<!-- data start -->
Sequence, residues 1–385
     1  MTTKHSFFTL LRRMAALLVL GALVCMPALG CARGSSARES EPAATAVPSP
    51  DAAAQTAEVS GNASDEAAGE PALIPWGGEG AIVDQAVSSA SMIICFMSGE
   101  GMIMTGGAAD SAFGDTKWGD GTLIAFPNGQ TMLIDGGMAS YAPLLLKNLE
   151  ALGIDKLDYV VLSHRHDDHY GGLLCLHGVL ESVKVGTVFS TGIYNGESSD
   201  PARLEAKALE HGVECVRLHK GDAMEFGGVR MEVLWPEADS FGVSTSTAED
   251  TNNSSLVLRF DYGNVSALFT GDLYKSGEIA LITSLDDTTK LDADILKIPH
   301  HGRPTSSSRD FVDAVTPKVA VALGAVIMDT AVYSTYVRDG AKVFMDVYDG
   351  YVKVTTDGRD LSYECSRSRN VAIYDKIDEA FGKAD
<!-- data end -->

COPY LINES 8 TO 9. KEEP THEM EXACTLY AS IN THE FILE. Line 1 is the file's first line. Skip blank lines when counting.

   301  HGRPTSSSRD FVDAVTPKVA VALGAVIMDT AVYSTYVRDG AKVFMDVYDG
   351  YVKVTTDGRD LSYECSRSRN VAIYDKIDEA FGKAD